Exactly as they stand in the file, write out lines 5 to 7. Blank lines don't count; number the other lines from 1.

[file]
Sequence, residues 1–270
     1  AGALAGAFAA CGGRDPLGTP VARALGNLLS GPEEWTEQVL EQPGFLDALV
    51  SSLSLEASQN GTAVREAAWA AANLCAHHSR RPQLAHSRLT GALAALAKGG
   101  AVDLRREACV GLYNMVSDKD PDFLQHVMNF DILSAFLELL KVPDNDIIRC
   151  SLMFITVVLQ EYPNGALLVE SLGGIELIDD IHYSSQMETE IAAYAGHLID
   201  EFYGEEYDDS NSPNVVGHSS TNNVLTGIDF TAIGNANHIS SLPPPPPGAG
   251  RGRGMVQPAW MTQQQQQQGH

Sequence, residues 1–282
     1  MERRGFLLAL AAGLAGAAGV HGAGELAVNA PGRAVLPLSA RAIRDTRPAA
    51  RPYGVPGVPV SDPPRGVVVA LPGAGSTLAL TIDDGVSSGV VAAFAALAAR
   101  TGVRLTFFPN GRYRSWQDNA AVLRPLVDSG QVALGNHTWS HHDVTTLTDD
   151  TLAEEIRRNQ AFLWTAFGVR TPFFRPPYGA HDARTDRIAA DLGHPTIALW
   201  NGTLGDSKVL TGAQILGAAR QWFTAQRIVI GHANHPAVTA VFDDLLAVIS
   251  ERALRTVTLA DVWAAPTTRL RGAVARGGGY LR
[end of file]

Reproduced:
   151  SLMFITVVLQ EYPNGALLVE SLGGIELIDD IHYSSQMETE IAAYAGHLID
   201  EFYGEEYDDS NSPNVVGHSS TNNVLTGIDF TAIGNANHIS SLPPPPPGAG
   251  RGRGMVQPAW MTQQQQQQGH